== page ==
“We’d a lot of experiences last year with Axel, the European side of it. Things you shouldn’t have to deal with that we did have to deal with. We reached the semi-finals of both competitions, and a final. I got a [Lions] tour out of it. You’ve got to take from all of those experiences and hopefully I can bank them.”
Indeed, the summer tour saw him captain the Lions in the first Test, only to miss out on the second and third. “I’m very proud, hugely proud of captaining the team, and I think I carried myself as best I could afterwards. You’re invested at that stage. You’ve opened yourself up to a group of guys you don’t really know. All you want to do together is just win. I trained as well as I could the last two weeks. You’re just trying to get the lads to win. Obviously I’m disappointed we didn’t win, but that’s part and parcel.”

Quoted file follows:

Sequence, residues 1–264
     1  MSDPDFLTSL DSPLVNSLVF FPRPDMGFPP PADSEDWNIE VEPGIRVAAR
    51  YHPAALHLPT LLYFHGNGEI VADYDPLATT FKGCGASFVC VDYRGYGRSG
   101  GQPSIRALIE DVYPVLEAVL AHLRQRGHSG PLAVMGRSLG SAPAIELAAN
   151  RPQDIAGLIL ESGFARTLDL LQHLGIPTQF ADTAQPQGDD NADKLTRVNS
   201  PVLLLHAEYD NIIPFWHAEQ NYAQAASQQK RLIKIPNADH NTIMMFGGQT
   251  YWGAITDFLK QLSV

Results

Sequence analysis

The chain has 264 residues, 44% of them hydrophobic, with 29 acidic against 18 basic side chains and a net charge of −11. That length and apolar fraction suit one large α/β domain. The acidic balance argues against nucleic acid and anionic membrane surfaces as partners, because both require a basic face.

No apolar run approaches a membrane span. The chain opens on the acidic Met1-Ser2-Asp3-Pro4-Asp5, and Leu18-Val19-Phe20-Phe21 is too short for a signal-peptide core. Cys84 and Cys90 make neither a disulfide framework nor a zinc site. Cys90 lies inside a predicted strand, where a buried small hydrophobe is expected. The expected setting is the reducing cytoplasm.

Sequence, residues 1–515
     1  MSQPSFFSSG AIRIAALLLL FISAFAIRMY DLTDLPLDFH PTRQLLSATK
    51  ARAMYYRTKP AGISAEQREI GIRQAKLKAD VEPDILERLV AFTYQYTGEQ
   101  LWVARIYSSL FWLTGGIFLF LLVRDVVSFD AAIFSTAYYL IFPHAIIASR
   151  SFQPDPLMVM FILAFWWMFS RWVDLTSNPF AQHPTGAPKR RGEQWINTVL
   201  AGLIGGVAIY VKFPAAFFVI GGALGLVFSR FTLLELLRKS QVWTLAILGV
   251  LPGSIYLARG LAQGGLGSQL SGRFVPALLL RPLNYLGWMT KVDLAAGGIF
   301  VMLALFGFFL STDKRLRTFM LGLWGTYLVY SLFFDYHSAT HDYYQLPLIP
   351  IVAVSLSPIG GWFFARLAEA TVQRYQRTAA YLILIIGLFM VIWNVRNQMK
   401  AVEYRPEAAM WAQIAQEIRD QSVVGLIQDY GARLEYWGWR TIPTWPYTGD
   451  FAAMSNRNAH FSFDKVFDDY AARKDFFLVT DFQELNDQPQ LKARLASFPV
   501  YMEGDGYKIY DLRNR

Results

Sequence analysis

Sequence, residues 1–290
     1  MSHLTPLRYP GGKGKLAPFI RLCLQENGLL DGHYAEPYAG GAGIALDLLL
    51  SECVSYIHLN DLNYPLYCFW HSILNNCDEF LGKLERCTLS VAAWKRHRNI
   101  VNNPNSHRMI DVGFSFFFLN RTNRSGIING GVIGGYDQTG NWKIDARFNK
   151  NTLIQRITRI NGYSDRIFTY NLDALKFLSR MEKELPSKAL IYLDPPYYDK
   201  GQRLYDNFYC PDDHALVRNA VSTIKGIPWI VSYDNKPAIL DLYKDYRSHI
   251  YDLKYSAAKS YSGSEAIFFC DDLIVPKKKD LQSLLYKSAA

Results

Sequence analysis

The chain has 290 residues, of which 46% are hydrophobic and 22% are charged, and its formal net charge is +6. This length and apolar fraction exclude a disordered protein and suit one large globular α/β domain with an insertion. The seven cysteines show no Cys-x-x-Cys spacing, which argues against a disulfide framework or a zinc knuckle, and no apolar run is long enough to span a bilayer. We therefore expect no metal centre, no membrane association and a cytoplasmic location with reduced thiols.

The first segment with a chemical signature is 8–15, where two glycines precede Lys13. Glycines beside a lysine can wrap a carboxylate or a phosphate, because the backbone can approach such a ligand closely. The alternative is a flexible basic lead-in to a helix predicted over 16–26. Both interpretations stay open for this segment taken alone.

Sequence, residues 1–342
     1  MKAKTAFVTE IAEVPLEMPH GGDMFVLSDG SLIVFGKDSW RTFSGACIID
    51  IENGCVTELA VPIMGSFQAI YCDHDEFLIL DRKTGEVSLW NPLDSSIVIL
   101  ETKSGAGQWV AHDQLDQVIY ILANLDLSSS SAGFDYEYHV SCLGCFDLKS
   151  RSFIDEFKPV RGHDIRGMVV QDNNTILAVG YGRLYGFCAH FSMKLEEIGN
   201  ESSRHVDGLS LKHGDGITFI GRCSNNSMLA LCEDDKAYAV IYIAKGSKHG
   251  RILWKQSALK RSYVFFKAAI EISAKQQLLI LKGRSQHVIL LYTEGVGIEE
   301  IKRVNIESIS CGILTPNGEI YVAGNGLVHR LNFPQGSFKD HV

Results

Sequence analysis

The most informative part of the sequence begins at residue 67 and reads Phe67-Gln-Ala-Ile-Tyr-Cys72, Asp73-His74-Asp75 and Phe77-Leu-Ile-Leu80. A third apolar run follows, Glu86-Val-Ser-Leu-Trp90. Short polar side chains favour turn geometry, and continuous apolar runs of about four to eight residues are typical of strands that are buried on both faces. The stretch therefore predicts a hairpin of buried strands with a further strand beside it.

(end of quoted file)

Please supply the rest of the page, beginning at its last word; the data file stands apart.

With typical pragmatism, he parked his personal disappointment in the last two weeks. “You can only be that way for a few minutes, there’s too much else going on. You can’t be around a tour like that and feel sorry for yourself. To do that is unbelievably selfish and that’s not what rugby is about. Obviously you’re gutted inside for ten minutes, then you get on with it. That’s rugby.”
Next up Leinster at the Aviva. Talk about having to hit the ground running. “Every provincial game is a step up in intensity,” says O’Mahony. “There is certainly a difference between Europe and the Pro14, and to bridge that this is the perfect preparation; the intensity Munster v Leinster has, the quality there, the rivalries, playing against friends. It’s a great one to ramp up into Europe.”